The W3C web server is spending most of its time serving DTDs to
various bits of XML processing software. In a follow-up comment on an item on DTD traffic, Gerald says:
To try to help put these numbers into perspective, this blog post
is currently #1 on slashdot, #7 on reddit, the top page of
del.icio.us/popular , etc; yet www.w3.org is still serving more than
650 times as many DTDs as this blog post, according to a 10-min
sample of the logs I just checked.
Evidently there’s software out there that makes a lot of use of the
DTDs at W3C and they fetch a new copy over the Web for each use. As
far as this software is concerned, these DTDs are just data files,
much like the timezone database your operating system uses to convert
between UTC and local times. The tz database
is updated with respect to changes by various jurisdictions from time
to time and the latest version is published on the Web, but your
operating system doesn’t go fetch it over the Web for each use. It
uses a cached copy. A copy was included when your operating system
was installed and your machine checks for updates once a week or so
when it contacts the operating system vendor for security updates and
such. So why doesn’t XML software do likewise?
It’s pretty easy to put together an application out of components
in such a way that you don’t even realize that it’s fetching DTDs
all the time. For example, if you use xsltproc like this…
$ xsltproc agendaData.xsl weekly-agenda.html >,out.xml
… you might not even notice that it’s fetching the DTD and several
related files. But with a tiny HTTP
proxy, we can see the traffic. In one window, start the proxy:
$ python TinyHTTPProxy.py Any clients will be served... Serving HTTP on 0.0.0.0 port 8000 ...
And in another, run the same XSLT transformation with a proxy:
$ http_proxy=http://127.0.0.1:8000 xsltproc agendaData.xsl weekly-agenda.html
Now we can see what’s going on:
connect to www.w3.org:80 localhost - - [05/Sep/2008 15:35:00] "GET http://www.w3.org/TR/xhtml1/DTD/xhtml1-transitional.dtd HTTP/1.0" - - connect to www.w3.org:80 localhost - - [05/Sep/2008 15:35:01] "GET http://www.w3.org/TR/xhtml1/DTD/xhtml-lat1.ent HTTP/1.0" - - bye bye connect to www.w3.org:80 localhost - - [05/Sep/2008 15:35:01] "GET http://www.w3.org/TR/xhtml1/DTD/xhtml-symbol.ent HTTP/1.0" - - bye connect to www.w3.org:80 localhost - - [05/Sep/2008 15:35:01] "GET http://www.w3.org/TR/xhtml1/DTD/xhtml-special.ent HTTP/1.0" - - bye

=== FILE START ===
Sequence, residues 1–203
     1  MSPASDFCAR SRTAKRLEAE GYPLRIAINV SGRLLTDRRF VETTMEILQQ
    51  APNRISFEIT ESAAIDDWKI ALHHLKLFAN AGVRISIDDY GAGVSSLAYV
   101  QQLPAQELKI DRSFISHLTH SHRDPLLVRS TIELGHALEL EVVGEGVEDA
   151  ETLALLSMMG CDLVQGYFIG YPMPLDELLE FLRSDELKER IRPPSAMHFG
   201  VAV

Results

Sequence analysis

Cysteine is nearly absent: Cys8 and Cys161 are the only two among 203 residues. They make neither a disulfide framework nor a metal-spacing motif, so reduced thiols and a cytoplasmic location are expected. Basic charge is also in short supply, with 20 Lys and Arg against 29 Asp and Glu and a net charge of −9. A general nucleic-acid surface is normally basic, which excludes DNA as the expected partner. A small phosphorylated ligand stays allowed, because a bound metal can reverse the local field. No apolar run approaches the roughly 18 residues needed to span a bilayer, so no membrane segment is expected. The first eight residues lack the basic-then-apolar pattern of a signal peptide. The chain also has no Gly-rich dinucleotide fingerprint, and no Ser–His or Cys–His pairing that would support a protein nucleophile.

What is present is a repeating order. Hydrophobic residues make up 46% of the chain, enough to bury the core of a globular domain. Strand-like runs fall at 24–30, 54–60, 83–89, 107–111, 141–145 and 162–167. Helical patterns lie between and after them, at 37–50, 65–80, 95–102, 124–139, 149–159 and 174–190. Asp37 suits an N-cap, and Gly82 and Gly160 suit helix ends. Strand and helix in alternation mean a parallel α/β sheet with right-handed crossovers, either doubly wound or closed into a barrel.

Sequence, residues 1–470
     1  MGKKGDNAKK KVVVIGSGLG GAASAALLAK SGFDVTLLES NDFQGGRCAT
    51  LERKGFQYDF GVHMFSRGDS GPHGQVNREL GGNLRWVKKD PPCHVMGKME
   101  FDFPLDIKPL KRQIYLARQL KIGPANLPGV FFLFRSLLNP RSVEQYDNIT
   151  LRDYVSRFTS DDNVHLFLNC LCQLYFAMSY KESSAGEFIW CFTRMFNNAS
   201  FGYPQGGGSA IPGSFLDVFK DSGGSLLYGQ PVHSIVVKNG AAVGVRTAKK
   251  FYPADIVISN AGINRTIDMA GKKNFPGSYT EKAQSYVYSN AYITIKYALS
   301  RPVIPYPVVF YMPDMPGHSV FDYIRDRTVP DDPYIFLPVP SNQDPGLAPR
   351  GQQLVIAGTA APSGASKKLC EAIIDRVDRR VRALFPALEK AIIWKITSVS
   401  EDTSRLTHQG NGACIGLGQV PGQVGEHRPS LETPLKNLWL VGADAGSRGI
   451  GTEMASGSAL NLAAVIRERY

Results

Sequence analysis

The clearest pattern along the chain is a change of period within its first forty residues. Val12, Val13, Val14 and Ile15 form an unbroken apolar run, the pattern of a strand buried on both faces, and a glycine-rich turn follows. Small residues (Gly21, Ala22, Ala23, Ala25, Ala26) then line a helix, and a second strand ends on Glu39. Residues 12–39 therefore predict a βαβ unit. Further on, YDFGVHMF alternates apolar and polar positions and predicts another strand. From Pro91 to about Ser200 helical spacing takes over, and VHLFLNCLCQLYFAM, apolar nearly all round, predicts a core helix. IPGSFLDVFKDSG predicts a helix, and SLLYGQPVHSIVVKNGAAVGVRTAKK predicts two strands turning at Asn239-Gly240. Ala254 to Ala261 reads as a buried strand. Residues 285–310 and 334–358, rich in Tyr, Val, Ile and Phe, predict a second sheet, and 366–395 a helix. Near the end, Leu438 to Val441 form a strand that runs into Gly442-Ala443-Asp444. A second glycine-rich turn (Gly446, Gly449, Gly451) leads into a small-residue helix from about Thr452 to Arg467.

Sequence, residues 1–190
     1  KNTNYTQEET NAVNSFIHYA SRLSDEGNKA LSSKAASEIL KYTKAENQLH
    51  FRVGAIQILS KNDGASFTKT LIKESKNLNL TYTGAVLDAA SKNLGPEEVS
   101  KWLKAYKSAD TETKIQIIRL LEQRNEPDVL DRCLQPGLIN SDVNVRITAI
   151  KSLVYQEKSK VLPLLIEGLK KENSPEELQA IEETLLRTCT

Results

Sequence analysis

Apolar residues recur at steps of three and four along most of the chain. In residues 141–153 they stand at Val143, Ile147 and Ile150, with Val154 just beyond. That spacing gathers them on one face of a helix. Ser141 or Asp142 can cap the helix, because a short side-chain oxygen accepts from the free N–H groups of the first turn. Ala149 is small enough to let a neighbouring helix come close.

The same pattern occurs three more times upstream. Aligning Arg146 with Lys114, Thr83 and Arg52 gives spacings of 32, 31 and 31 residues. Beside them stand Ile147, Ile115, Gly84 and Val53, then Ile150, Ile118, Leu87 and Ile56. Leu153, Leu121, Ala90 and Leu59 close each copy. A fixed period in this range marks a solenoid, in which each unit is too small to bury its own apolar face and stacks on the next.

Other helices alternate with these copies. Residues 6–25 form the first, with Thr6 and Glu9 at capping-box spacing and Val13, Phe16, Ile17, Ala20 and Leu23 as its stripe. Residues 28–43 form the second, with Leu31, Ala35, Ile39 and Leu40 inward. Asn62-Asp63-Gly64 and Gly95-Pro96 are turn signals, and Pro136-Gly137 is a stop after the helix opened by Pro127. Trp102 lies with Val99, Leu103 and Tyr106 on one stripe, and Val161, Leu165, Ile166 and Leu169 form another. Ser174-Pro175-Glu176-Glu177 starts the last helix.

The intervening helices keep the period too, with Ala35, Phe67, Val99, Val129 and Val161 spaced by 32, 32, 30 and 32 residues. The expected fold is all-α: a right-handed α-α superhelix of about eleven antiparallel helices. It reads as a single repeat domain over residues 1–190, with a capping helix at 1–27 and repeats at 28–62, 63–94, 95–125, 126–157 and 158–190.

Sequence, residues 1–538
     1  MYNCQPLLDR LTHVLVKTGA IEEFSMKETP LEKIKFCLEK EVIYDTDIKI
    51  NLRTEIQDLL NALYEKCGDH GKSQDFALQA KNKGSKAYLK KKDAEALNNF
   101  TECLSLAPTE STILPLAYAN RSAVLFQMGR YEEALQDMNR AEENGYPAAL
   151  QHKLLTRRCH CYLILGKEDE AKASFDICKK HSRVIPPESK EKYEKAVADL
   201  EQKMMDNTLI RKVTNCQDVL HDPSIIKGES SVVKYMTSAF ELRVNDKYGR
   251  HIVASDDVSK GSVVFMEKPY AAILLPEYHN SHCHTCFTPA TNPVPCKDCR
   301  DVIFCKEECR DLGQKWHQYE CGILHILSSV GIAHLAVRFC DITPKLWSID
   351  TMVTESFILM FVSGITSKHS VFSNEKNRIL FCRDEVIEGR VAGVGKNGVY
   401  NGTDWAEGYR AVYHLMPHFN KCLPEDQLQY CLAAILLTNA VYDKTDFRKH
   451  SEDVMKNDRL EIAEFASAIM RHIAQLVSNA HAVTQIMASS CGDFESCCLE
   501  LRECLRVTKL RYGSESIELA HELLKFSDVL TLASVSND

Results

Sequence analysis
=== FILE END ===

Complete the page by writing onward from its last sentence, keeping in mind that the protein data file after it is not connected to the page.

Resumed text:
This is the default behaviour of xsltproc, but
it’s not the only choice:
- You can use xsltproc --novalid tells it to skip DTDs altogether.
- You can set up an
as a form of local cache.
To set up this sort of cache, first grab copies of
what you need:
$ mkdir xhtml1 $ cd xhtml1/ $ wget http://www.w3.org/TR/xhtml1/DTD/xhtml1-transitional.dtd --15:29:04-- http://www.w3.org/TR/xhtml1/DTD/xhtml1-transitional.dtd => `xhtml1-transitional.dtd' Resolving www.w3.org... 18.104.22.168, 22.214.171.124, 126.96.36.199, ... Connecting to www.w3.org|188.8.131.52|:80... connected. HTTP request sent, awaiting response... 200 OK Length: 32,111 (31K) [application/xml-dtd] 100%[====================================>] 32,111 170.79K/s 15:29:04 (170.65 KB/s) - `xhtml1-transitional.dtd' saved [32111/32111] $ wget http://www.w3.org/TR/xhtml1/DTD/xhtml-lat1.ent ... $ wget http://www.w3.org/TR/xhtml1/DTD/xhtml-symbol.ent ... $ wget http://www.w3.org/TR/xhtml1/DTD/xhtml-special.ent ... $ ls xhtml1-transitional.dtd xhtml-lat1.ent xhtml-special.ent xhtml-symbol.ent
And then in a file such as
xhtml-cache.xml, put a little catalog:
<catalog xmlns="urn:oasis:names:tc:entity:xmlns:xml:catalog"> <rewriteURI uriStartString="http://www.w3.org/TR/xhtml1/DTD/" rewritePrefix="./" /> </catalog>
Then point xsltproc to the catalog file and try it again:
$ export XML_CATALOG_FILES=~/xhtml1/xhtml-cache.xml $ http_proxy=http://127.0.0.1:8000 xsltproc agendaData.xsl weekly-agenda.html
This time, the proxy won’t show any traffic. The data was all
accessed from local copies.
While XSLT processors such as xsltproc and Xalan have no
technical dependency on the XHTML DTDs, I suspect they’re used with
XHTML enough that shipping copies of the DTDs along with the XSLT
processing software is a win all around. Or perhaps the traffic comes
from the use of XSLT processors embedded in applications, and the DTDs
should be shipped with those applications. Or perhaps shipping the
DTDs with underlying operating systems makes more sense. I’d have to
study the traffic patterns more to be sure.
p.s. I’d rather not deal with DTDs at all; newer schema technologies make them obsolete as far as I’m concerned. But
- some systems were designed before better schema technology came along, and W3C’s commitment to persistence applies to those systems as well, and
- the point I’m making here isn’t specific to DTDs; catalogs work for all sorts of XML data, and the general principle of caching at install time goes beyond XML altogether.